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NCJ Number: 142004 Find in a Library
Title: We All Get Along Here: Case Flow in Rural Courts
Journal: Judicature  Volume:76  Issue:5  Dated:(February-March 1993)  Pages:258-263
Author(s): K Fahnestock; M D Geiger
Date Published: 1993
Page Count: 6
Type: Survey
Format: Article
Language: English
Country: United States of America
Annotation: In rural jurisdictions, where, compared to urban areas, business in general is conducted more slowly, the interrelationships between parties in a criminal or civil case are more complicated, and the number of court personnel is minimal, the timely disposition of cases may be a delicate matter. The driving force in rural court systems is comity; timely disposition of cases may be achieved only at the expense of that comity.
Abstract: Several studies have shown that a significant degree of delay exists in most rural jurisdictions, especially in criminal cases; delay in rural courts does not, however, relate to case volume. Many other factors thought to cause court delay have also been eliminated through studies of rural case disposition; these include numerous motions filed, lack of court and social service resources, case complexity, judge time requirements, and the jurisdiction's ability to try cases. By default, the bar usually controls the pace of criminal and civil cases in rural areas. Income level, which is generally low, and type of counsel, often court-appointed, seem to be correlated with case disposition time and outcome. In some cases, the rural court judge efficiently conveys his expectation that the disposition time will be short. Despite the unique position of rural courts, this author maintains that timely disposition rates would support the courts' commitment to finding fair and equitable solutions to the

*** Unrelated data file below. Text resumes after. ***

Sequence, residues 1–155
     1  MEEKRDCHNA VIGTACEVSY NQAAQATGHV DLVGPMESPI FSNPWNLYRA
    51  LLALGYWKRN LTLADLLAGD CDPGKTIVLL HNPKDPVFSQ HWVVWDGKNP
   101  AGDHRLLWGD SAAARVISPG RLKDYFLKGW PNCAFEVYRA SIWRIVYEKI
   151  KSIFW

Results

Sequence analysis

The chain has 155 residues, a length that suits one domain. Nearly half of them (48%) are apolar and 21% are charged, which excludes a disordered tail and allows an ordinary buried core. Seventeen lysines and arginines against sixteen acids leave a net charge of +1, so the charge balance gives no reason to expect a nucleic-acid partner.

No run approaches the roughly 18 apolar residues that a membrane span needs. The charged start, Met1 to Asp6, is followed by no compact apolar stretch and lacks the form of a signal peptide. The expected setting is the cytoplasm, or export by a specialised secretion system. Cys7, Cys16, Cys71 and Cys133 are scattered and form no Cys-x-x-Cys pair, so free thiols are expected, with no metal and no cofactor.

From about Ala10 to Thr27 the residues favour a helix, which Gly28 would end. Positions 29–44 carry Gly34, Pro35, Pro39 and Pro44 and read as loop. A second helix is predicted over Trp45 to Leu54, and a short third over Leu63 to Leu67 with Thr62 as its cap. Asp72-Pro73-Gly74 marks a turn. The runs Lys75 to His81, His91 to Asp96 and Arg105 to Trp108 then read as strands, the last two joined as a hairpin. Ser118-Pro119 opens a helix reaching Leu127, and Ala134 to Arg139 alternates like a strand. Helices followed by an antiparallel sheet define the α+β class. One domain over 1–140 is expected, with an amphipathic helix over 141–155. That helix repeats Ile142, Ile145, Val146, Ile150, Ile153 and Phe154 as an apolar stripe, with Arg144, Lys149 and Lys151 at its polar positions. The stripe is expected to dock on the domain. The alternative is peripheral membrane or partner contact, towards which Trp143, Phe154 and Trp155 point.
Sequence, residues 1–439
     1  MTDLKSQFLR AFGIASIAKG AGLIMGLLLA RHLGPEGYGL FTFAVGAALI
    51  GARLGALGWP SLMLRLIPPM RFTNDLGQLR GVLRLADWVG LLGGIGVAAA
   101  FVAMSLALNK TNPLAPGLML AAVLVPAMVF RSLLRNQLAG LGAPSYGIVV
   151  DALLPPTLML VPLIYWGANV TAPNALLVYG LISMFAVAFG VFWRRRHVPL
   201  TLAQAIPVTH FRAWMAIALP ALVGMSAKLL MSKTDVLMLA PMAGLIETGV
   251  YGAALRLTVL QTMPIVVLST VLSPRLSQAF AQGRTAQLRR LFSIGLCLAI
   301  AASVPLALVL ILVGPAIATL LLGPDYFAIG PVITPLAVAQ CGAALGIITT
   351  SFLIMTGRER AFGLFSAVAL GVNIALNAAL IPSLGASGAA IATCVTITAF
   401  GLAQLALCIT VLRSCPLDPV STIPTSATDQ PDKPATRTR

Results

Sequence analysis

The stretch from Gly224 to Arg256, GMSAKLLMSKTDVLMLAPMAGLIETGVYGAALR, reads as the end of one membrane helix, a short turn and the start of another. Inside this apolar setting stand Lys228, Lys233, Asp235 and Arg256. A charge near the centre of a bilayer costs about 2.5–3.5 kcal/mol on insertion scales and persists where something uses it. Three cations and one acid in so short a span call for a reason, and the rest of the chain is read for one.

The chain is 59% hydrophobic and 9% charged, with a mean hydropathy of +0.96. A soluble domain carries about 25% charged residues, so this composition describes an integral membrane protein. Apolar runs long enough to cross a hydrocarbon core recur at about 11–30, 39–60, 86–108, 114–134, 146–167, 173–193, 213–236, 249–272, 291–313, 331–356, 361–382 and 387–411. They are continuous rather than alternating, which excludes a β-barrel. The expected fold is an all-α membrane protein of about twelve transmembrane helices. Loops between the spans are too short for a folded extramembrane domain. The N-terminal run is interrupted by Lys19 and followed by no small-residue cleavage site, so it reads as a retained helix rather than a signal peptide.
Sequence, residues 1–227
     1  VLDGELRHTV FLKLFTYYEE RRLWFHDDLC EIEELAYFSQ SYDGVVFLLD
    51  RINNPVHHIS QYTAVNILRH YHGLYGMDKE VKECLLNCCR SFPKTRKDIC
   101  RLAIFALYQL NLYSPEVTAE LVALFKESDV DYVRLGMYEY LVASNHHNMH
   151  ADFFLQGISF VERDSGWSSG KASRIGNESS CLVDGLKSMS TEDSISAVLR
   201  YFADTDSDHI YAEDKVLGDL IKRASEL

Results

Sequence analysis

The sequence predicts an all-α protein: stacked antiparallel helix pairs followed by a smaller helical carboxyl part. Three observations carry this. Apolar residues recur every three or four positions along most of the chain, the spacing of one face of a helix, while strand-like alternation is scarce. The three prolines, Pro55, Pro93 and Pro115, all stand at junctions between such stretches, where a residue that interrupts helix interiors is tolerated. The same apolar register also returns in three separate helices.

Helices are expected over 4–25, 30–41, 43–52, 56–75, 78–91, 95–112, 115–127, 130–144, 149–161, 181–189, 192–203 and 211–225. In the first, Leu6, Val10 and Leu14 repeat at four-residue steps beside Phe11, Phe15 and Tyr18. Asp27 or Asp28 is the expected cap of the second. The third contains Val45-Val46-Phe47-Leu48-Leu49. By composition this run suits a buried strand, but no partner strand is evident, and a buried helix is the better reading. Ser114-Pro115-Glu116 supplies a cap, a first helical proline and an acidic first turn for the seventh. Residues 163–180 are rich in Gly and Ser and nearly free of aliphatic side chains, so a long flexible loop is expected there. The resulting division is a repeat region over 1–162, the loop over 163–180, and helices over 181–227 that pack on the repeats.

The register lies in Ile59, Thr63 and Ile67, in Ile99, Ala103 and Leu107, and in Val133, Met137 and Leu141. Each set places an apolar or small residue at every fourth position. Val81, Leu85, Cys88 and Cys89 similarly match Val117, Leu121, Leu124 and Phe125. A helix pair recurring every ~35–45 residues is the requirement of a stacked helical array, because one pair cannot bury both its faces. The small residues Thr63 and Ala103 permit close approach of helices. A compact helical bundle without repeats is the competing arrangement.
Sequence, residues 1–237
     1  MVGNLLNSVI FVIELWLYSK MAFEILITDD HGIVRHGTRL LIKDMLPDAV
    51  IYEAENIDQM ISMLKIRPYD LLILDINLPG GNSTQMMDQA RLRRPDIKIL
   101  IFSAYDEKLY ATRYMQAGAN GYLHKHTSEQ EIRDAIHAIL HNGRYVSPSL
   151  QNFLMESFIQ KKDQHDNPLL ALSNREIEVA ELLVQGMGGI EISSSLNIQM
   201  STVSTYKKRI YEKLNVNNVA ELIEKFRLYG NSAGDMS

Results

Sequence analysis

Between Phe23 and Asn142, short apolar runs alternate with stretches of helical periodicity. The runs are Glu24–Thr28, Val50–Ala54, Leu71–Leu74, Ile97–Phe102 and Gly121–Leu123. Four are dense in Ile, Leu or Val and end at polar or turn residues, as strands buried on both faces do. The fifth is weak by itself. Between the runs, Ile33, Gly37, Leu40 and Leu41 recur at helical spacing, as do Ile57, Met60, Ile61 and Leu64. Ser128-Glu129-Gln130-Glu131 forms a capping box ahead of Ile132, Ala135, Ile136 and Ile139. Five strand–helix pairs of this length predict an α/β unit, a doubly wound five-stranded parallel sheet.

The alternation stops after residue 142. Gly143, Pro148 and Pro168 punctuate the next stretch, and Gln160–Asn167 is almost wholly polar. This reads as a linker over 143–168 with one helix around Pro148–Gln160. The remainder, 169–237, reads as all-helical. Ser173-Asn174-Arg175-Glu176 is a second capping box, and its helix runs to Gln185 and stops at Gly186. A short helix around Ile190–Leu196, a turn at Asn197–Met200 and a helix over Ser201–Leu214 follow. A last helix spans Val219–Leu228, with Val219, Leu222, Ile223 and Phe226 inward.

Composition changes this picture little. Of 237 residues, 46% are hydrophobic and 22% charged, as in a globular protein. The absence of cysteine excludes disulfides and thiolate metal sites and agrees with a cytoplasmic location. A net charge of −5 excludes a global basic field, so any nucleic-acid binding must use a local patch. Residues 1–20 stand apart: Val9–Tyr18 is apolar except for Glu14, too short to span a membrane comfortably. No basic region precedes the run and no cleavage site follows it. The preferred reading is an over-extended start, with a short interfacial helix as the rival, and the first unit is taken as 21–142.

Main Term(s): Court delays; Rural judges
Index Term(s): Dispositions
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